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Dangerous Kids' Makeup Must Carry Warnings, New Proposal Requires

U.S. Rep. Debbie Dingell, D-Dearborn, has introduced legislation that would ensure all cosmetics marketed to children are proven asbestos-free, or else they must carry warning labels.

The proposal follows reports from late last year about cancer-producing asbestos being discovered in some makeup sold by Claire's. The retailer recalled the products, and later said its own tests showed them to be safe. 

“Parents across the country should have the peace of mind in knowing that the cosmetics they buy for their children are safe. Yet we were all stunned when the retailer Claire’s pulled ... products from their shelves after asbestos was found in cosmetics marketed to children, including glitter and eye shadow,” Dingell said in a news release.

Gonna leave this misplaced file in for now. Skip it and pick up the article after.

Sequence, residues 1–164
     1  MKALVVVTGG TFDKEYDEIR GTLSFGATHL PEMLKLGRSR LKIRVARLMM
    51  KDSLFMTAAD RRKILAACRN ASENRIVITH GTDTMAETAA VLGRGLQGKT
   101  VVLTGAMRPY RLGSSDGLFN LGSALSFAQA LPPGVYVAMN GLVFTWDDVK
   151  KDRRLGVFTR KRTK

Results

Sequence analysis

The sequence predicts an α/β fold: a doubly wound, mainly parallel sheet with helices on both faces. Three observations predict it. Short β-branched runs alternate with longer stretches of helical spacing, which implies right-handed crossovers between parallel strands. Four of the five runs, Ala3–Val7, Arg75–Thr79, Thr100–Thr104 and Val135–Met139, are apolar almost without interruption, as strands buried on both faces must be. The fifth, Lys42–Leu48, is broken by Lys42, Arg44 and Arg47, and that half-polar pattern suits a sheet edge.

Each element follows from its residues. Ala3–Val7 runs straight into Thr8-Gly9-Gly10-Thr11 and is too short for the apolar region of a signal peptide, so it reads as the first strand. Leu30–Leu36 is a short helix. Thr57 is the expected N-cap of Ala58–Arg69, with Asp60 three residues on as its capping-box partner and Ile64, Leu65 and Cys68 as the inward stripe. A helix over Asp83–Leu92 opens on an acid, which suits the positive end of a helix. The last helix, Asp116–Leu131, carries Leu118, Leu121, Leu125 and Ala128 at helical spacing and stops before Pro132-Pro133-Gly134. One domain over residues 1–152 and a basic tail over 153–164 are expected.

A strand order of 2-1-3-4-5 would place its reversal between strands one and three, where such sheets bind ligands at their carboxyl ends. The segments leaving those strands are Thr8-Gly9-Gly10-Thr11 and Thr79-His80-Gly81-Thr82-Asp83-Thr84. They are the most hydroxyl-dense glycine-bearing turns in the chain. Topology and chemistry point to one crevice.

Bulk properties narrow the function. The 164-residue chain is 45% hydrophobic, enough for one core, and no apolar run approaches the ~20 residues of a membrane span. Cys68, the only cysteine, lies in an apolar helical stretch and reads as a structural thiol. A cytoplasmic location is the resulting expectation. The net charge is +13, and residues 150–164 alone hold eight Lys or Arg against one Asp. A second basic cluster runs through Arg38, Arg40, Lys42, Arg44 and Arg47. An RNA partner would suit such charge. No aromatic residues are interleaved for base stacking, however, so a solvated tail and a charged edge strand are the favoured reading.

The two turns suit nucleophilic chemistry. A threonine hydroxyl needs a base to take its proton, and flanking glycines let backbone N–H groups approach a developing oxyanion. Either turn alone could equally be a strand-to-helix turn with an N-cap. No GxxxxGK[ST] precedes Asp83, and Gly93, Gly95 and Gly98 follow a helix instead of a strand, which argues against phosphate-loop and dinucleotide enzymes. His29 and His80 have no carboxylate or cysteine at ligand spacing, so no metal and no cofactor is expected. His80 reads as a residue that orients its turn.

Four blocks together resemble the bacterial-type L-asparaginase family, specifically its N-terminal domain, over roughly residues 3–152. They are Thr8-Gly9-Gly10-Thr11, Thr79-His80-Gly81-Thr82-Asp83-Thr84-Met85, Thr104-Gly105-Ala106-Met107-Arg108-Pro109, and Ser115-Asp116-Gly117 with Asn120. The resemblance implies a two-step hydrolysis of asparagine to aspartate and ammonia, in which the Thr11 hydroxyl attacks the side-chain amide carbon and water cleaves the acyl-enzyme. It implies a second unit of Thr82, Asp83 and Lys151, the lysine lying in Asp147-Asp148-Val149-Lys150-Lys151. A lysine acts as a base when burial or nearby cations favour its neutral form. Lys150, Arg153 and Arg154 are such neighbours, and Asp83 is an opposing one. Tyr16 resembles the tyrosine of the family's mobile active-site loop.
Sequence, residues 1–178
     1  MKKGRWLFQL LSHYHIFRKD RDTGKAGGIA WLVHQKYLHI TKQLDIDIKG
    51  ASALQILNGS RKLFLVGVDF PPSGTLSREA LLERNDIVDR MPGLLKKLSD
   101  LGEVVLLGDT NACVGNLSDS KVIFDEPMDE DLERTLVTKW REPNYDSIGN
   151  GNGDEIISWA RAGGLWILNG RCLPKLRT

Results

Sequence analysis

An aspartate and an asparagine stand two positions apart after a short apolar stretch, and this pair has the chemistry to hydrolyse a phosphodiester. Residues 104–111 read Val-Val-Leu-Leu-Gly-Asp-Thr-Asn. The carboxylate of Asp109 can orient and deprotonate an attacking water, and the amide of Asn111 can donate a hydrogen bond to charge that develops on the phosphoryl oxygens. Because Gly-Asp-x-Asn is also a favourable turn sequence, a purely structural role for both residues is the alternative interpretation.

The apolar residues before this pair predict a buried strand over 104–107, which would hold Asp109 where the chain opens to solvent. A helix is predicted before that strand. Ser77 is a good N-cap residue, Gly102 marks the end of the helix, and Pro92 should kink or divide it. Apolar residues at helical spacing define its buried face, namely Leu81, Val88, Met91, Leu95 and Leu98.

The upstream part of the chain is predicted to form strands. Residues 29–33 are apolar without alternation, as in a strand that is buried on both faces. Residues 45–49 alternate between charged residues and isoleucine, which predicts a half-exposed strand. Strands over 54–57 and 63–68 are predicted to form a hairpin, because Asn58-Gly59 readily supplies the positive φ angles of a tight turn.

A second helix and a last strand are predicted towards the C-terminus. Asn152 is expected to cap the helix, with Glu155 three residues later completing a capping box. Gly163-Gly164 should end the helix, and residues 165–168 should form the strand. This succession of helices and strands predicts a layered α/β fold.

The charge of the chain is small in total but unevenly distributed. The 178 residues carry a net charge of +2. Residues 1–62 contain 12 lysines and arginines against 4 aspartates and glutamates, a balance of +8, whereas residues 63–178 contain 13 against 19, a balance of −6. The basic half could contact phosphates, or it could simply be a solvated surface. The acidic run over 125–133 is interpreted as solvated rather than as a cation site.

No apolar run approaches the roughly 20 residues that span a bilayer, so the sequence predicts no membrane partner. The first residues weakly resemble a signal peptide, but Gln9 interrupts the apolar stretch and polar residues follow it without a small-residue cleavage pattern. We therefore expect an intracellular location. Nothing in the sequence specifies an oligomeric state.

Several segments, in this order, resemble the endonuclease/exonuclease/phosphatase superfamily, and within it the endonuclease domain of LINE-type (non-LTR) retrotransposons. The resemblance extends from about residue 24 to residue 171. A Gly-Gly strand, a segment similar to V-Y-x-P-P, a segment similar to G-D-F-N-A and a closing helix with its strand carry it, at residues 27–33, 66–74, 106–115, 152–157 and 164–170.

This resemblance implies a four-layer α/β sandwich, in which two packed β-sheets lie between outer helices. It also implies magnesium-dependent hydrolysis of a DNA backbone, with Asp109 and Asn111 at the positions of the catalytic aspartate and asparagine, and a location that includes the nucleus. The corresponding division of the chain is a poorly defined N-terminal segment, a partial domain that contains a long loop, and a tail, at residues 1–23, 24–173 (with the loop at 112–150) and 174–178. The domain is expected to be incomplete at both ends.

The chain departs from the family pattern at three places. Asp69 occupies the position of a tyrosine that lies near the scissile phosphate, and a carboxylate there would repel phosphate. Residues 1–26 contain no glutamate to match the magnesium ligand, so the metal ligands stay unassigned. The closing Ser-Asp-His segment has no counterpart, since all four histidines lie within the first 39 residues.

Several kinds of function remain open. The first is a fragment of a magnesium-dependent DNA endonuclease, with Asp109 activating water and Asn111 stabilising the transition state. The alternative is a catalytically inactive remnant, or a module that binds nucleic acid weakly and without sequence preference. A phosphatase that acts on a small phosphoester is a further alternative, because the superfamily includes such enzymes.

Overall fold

“No child should be exposed to asbestos through the use of common, everyday products."

The Children’s Product Warning Label Act of 2018 would require all makeup marketed to children to contain a warning label that the product may contain asbestos, unless the manufacturer has attested in writing to the secretary of the Department of Health and Human Services that the source is an asbestos-free mine, according to Dingell's office. The manufacturer would also have to demonstrate that the product is asbestos-free using a transmission electron microscopy method. 

In December, Claire's voluntarily recalled nine cosmetic products after a Rhode Island TV  station aired a story about a law firm's tests of some of the retailer's products. The report said the tests found asbestos.

On Jan. 4, Claire's issued a statement that said tests from two independent labs confirmed the company's earlier tests that the products are "asbestos free, completely safe and meet all government requirements." 

"Any report that suggests that the products are not safe is totally false," the statement said.

Representatives from Claire's did not immediately return messages left Wednesday.